Posted by: Katie Coakley
The Hawaiian surfer doesn’t do much racing in mountain rivers, but when he does, he can hang
By Shauna Farnell
Kai Lenny thrives in “uncomfortable” situations – be it riding a 60-foot monster wave or raging whitewater on Gore Creek.
“Being on a river at altitude is pretty much the opposite of what I do on a daily basis. That challenge alone requires a lot more thought process and sheer will,” Lenny said after Saturday’s Yeti Down River SUP Sprint, in which he, in spite of operating out of his usual wheelhouse, managed to finish fourth against whitewater paddleboard luminaries like Spencer Lacy (who won), Michael Tavares (second) and Bradley Hilton (third).
The 26-year-old Hawaiian, who was recently inducted into the Surfers’ Hall of Fame, last competed at the GoPro Mountain Games in 2014; he won the Down River Sprint. While navigating Gore Creek might be less of a spectacle than being engulfed by a mountain-sized fold of water, even the roughest ocean doesn’t necessarily prepare a surfer like Lenny for riding a board down a fast-moving river.
“You have to rewire your brain a little bit,” he said. “You do more counter-steering on the board than in the ocean. In the ocean, if you want to go right, you’d use your toes if you’re a regular-foot rider. Here, you’d counter-steer, using your heel edge to go to the right versus going to the left. Also, in the ocean, you’re more on the back of the board. Here, you’re farther forward on the board because the water is coming behind you constantly, whereas normally you’re skimming across the water in front of you.”
Growing up on the northern shore of Maui, Lenny was surfing by age 5 and continues to tackle the ocean on just about every imaginable type of board – surf, SUP, kite, hydrofoil …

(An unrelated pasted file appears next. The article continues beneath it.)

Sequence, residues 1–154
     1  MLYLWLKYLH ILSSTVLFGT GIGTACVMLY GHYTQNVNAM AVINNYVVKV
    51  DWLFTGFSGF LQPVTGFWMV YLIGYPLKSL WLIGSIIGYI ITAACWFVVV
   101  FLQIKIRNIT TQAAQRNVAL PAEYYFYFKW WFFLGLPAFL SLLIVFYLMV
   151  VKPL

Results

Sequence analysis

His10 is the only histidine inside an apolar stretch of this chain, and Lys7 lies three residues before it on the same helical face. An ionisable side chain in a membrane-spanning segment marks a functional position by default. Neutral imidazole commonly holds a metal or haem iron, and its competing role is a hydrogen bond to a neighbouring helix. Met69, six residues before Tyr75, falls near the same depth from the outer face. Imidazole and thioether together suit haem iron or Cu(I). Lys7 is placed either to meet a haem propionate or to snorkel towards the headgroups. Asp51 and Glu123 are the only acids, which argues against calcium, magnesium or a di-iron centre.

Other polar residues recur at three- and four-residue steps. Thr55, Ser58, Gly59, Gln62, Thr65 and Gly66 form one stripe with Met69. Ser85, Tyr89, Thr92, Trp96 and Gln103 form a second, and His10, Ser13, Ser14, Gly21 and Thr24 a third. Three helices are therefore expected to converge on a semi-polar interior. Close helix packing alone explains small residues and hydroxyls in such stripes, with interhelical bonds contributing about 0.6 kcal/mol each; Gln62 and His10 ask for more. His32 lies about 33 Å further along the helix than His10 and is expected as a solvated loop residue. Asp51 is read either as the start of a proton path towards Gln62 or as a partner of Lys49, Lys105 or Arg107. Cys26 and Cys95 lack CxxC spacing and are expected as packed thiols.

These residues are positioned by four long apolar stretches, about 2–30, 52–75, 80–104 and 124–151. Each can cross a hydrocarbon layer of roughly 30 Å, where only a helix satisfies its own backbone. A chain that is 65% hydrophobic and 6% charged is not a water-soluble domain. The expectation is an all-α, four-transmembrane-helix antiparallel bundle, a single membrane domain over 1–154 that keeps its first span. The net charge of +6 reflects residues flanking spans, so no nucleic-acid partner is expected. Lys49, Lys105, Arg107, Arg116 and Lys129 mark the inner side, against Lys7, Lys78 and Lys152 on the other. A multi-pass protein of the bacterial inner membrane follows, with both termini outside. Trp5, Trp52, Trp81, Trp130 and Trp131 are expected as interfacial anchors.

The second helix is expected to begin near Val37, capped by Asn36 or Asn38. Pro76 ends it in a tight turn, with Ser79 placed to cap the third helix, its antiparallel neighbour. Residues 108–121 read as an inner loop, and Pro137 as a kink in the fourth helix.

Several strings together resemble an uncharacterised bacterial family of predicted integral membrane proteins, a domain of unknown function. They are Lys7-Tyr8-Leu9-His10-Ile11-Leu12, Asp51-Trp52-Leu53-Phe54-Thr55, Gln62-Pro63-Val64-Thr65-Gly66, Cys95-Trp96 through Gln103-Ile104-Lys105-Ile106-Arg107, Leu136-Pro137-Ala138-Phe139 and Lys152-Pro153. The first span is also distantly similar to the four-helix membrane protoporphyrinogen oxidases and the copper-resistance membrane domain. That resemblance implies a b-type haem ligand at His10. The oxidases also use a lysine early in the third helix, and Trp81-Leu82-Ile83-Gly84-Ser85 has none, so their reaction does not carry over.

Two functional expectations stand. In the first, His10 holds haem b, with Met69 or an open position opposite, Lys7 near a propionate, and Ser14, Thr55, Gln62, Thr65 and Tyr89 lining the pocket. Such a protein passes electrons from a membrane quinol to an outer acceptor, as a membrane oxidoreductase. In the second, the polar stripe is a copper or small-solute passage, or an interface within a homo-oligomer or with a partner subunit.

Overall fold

But his experience riding a SUP through mountain runoff is relatively minimal.
“Whitewater, in general, is so different than the way the water moves in the ocean,” he said. “Re-acclimating not only to the altitude but actually to the way the river moves, trying to figure out what’s the fastest line and trying not to fall, it’s pretty much the opposite effect than in the ocean.”
Going from the ocean to 8,100 feet is also not something Lenny does too often.
“I’m just this sea creature trying to acclimate to this altitude,” he said. “So what would have been an easier paddle was super hard because I couldn’t get enough oxygen in my lungs. That’s what makes this race so challenging and fun.”
Lenny has a knack for making what he calls uncomfortable scenarios appear comfortable, lounging in the frigid waters of Gore Creek following his race as if it were a jacuzzi.
“I love putting myself in challenging situations, mainly because it forces you to step it up,” he said. “Basically being uncomfortable is where I thrive. In the moment, it maybe doesn’t feel good, but you force yourself to get better. It’s fun to give these guys –hopefully – a run for their money in their own environment. It’s a fresh challenge.”
Sunday’s Yeti SUP Surf Cross will be an even fresher challenge. Lenny’s plan? Go all in.
“That will be more technical than physical, that’s where the river guys will have an advantage, but I’ll try to give it to them as much as I can. I’ll just analyze what they’re doing and do my own thing with it. Should be fun.”
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